As you enter, on the right, there is a small idol of Hanuman set into the wall. This has now become a very famous temple and there were many devotees even at mid-morning, when we went in. I was not allowed to photograph the temple itself, in keeping with the recent form of intolerance which denies entry to non-Hindus to temples. I also noticed that the temple itself had a “saffronised” look with the imagery and colours used and even with name of Ram, written in Hindi. Perhaps this is a good indication of who controls this temple and I felt one could easily transport this temple to North India and it would fit in there very well.

In the centre of the fort, there are a few buildings and this must have been where the people that stayed in the fort lived. The buildings do not look as old as the fort and must have been constructed during the times of the British. There is a very well maintained lawn with a couple of large trees.

There is also a stepped well on one side of the courtyard and I learnt from the Information Centre that this well was dug later.

The Information Centre is hosted in an interesting stone building with 28 pillars, which was also constructed later. Unfortunately, there is not much information provided about the fort or the battles that were fought there or the people that lived there. There are some photographs of the restoration and of other places of tourist interest in Kerala.

One of the buildings houses a jail and that was of personal interest to me as my father was imprisoned here for two weeks in 1961 when they were agitating for the implementation of the Land Reforms Act in Kerala. I guess the jail must have been in the same old shabby condition even 50 years back.

There is a walkway that takes you around the wall of the fort and there were some good views all around. One could see that the fort offered a very good defensive position. I was quite disappointed that there were no markings or indications of any of the places of interest within the fort or any details provided about its history. There is a small board at the entrance with a few lines on it but that hardly does justice to the place. It was equally disappointing that there was no mention of Tippu or Hyder or anyone else that lived there. But, the people of Palakkad still honour that valiant son who was the first to rise against the British in South India and call it Tippu’s Fort…..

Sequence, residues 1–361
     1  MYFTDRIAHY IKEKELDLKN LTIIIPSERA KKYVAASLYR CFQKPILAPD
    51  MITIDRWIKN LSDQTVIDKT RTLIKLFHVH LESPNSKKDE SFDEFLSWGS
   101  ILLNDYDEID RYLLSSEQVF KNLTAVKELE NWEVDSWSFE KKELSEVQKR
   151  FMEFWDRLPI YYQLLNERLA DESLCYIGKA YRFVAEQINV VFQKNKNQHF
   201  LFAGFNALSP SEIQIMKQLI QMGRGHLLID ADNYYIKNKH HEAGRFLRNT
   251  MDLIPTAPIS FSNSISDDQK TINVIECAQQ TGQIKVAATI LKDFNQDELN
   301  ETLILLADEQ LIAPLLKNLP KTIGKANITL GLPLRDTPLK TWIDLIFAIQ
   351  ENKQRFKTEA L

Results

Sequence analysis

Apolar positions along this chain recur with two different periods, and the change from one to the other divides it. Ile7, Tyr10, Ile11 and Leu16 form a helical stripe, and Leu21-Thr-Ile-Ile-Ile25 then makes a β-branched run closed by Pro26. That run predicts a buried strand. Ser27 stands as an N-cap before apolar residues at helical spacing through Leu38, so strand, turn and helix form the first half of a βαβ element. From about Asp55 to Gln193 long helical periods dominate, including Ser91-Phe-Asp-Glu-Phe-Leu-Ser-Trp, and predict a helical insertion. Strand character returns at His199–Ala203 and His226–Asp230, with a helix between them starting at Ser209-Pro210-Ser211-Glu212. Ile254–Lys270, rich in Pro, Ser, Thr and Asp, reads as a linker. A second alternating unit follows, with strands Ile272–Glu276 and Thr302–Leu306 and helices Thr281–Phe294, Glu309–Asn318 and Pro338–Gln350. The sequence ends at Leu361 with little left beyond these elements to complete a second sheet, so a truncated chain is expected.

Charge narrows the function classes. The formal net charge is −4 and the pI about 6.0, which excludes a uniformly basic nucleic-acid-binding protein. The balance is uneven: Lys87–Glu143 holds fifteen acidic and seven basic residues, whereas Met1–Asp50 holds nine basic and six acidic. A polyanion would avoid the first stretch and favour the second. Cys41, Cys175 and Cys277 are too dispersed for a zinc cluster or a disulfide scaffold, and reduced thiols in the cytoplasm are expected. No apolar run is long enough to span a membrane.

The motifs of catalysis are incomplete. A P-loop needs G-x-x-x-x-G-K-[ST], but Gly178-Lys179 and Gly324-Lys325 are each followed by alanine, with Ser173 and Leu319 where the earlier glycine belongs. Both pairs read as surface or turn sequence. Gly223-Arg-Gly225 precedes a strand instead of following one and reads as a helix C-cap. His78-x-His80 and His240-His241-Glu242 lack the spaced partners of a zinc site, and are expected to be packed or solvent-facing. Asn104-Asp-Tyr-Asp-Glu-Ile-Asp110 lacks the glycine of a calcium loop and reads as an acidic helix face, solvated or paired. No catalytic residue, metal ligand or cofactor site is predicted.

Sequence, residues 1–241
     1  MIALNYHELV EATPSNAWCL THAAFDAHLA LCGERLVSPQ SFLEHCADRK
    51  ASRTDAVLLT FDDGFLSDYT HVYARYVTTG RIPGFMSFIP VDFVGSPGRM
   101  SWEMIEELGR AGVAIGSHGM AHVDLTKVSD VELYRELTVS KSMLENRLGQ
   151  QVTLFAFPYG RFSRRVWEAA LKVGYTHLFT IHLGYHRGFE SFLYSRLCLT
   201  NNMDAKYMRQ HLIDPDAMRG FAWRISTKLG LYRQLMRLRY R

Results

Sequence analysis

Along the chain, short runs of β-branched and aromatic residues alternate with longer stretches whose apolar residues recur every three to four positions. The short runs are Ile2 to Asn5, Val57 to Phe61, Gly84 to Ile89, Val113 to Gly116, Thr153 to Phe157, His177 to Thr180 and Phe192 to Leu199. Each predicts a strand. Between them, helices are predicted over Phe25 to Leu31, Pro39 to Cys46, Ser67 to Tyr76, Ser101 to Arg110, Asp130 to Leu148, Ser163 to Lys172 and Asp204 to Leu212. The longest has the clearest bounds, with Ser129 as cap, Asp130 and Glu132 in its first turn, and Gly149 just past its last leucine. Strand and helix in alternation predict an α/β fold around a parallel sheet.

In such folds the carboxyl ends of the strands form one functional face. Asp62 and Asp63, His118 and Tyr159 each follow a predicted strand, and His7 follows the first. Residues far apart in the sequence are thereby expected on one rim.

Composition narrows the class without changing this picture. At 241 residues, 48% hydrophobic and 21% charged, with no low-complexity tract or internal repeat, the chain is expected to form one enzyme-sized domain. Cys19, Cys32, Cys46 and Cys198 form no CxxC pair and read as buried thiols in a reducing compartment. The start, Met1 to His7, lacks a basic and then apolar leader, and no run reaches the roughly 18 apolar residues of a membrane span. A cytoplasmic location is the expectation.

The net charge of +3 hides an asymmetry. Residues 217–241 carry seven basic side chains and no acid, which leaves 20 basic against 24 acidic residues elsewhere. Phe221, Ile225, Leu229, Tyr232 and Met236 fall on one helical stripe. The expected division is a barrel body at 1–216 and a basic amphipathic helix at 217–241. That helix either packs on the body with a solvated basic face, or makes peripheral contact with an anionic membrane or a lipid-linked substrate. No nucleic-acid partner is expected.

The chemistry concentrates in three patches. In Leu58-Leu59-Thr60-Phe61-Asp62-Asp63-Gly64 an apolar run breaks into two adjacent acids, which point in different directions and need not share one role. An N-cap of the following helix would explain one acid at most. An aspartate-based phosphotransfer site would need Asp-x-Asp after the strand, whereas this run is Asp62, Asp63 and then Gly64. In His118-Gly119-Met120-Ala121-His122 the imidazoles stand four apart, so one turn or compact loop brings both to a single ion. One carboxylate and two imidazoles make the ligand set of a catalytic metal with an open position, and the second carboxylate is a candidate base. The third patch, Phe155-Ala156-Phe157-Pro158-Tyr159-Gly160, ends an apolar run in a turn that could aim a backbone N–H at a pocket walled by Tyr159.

Comments
  1. Ravi Padiyath says:

    @Sudeesh – As you rightly said you the places which are near are the farthest to see…..After school days even I have not gone to that fort even though on an average you tend to in front of that place almost every month…….Good writing and photos

  2. Radhika menon says:

    very nice blog Sudeesh…touching in fact…as I’ve always had a lot of respect for Tippu sultan….it is a bit embarrassing but I’ve to admit that I myself have never visited the fort….maybe during my next visit….

  3. Dhanya Suresh says:

    Nice Photoes and description.. I didn’t know that the fort was not made byTippu Sultan, though we were taken there every year for Excursion during our UPSchool tme! Again I feel sad how the important subject of history is made irrelevant and dreaded for the children, when there are so many ways of making it connected and interesting!
    The stone walls, water in the moat and greenery gives a cool nice feel in the picture but I really wonder how cool it is really in the Palghat heat!
    This post gave a nice nostalgic feeling.. Thanks Sudeesh.

    • sraddha sashi says:

      kottayennu kelkkumbol kaivilangittu police akambadiyode povunna thadavukarude ormakalanu.vettila mala aninjha hanumante ormakalanu.ennatheyum pole sudheeshinte chinthakal ivideyum vere thanne.

  4. kvdsampath says:

    i never knew about the fort in palakkad.it is also well preserved.
    nice photos.

  5. RAJALAKSHMI IYER says:

    I AM PROUD OF MY HOME TOWN , NOW I REALIZE ITS WORTH

  6. Me too Sudeesh. Though a student of Palakkad Victoria college in 60s I had never known this. Thanks for retrieving Historical architecture of Forts nearer home. I will make it a point to drive up to Palakkad when I am in Coimbatore on work.
    Thanks. the photos are great and vantage indeed.
    Vasu.
    (camp Gurgaon )